Cheltenham General Hospital is to close its Accident and Emergency to prepare for a potential second spike of coronavirus cases.

The hospital will become a Minor Injury and Illness Unit from 9 June after plans to send 999 admissions to the Gloucester Royal - around eight miles away - were approved.

The hospital will instead operate between 8am and 8pm seven days a week for three months - making Gloucester Royal the main base for Covid-19 patients.

Deborah Lee, Chief Executive of Gloucestershire Hospitals NHS Foundation Trust, said the temporary move was "the safest option" in the event of a second coronavirus peak.

There are fears the A&E closure could become permanent. Credit: PA Images

It is the second hospital in the West Country to close its emergency department after Weston General Hospital shut its doors to curb coronavirus.

As the plans were approved by the trust's board at an online meeting, Ms Lee added that the changes "should last at least three months" but the "commitment remains" for it to return to emergency department status.

Cheltenham MP Alex Chalk, and campaign group REACH, have previously raised fears the move could become permanent.

We understand the need for temporary service changes to separate Covid and non-Covid patients.

Michael Ratcliffe, Chairman of REACH

We've had to do what's considered the right thing for all of our services, the context we have for the whole of our county noting some of the key interdepencies.

Deborah Lee, Chief Executive of Gloucestershire Hospitals NHS Foundation Trust

Deborah Lee added that the Gloucester Royal and Cheltenham General sites "present an immense opportunity" to reduce the risk of transmission between patients and staff.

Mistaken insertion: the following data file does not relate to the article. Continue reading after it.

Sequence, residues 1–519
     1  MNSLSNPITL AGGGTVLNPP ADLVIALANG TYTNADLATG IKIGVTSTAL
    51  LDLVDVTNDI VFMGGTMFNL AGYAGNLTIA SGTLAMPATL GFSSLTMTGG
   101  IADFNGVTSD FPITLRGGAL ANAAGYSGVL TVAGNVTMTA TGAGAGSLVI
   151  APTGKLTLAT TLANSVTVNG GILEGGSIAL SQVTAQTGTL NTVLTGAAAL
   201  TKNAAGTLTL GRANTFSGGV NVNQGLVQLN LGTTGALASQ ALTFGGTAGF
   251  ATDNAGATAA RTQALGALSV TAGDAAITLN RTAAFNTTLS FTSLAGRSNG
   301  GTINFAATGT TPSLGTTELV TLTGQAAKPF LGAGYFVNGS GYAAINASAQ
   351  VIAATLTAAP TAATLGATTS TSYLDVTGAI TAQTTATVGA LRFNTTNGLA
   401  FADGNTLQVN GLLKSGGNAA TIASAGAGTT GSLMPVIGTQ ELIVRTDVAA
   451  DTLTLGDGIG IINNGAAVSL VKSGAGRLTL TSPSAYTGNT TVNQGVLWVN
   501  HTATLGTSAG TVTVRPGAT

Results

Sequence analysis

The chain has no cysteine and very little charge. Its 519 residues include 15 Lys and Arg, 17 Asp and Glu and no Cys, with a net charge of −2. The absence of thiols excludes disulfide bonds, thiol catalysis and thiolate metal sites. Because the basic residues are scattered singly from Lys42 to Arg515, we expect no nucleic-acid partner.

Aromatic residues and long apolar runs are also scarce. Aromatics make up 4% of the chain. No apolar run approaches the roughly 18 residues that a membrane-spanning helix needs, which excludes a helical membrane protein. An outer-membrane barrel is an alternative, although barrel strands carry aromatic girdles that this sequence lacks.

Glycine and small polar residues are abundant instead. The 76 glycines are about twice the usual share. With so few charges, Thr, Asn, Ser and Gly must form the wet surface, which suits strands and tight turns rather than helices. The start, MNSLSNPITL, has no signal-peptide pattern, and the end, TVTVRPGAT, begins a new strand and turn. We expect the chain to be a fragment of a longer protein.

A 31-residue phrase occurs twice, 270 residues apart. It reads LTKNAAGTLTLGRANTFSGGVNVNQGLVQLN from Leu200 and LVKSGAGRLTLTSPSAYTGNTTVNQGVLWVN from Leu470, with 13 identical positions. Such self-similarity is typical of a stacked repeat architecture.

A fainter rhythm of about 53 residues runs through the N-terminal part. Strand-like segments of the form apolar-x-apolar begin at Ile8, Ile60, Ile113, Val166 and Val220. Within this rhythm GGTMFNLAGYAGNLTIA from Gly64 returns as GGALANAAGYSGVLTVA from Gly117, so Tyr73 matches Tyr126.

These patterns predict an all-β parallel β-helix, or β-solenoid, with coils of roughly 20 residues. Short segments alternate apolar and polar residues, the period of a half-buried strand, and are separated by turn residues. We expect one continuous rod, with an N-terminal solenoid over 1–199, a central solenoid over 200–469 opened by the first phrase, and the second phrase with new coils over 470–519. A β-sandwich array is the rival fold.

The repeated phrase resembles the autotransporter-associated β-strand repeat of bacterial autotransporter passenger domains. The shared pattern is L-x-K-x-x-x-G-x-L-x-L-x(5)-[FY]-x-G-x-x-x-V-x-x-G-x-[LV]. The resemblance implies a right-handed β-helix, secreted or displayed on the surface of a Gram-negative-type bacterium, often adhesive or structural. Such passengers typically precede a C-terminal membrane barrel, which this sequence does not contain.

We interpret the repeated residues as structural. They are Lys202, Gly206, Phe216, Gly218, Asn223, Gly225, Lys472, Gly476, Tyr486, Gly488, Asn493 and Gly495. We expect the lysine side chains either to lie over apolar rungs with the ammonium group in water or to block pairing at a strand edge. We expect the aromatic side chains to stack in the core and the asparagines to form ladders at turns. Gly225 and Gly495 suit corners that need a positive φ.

She said: "Our two sites present an immense opportunity and that many of my colleagues around the country wish they had the opportunity to create the degree of separation between services, pathways and risks that our two sites give us.

"The two sites had introduced complexity, without a doubt, but this is a huge opportunity that many others don't have to fulfill those primary goals of reducing the risk of transmission between patients and staff, returning as many people back to safe care as we possibly can whilst ever-being prepared for a second surge should it come. I'm immensely impressed with what the team has pulled off."

The Chief Executive of the Trust which runs Cheltenham General Hospital said two sites provided an immense opportunity. Credit: PA Images

What's been approved?

  • Cheltenham General Hospital's emergency department will become an MIIU seven days a week, from 8am to 8pm

  • All 999 and undifferentiated GP referrals would be centralised at Gloucestershire Royal Hospital

  • Acute medical take moved to Gloucestershire Royal Hospital

  • Urology 999 front door pathway would move to Gloucestershire Royal Hospital, planned and non-Covid pathways would remain at Cheltenham General Hospital

  • Radiology services at Cheltenham General Hospital would be focused on outpatient care and support a largely non-Covid bed base and ambulatory access

  • Emergency vascular service ill be moved to Gloucestershire Royal Hospital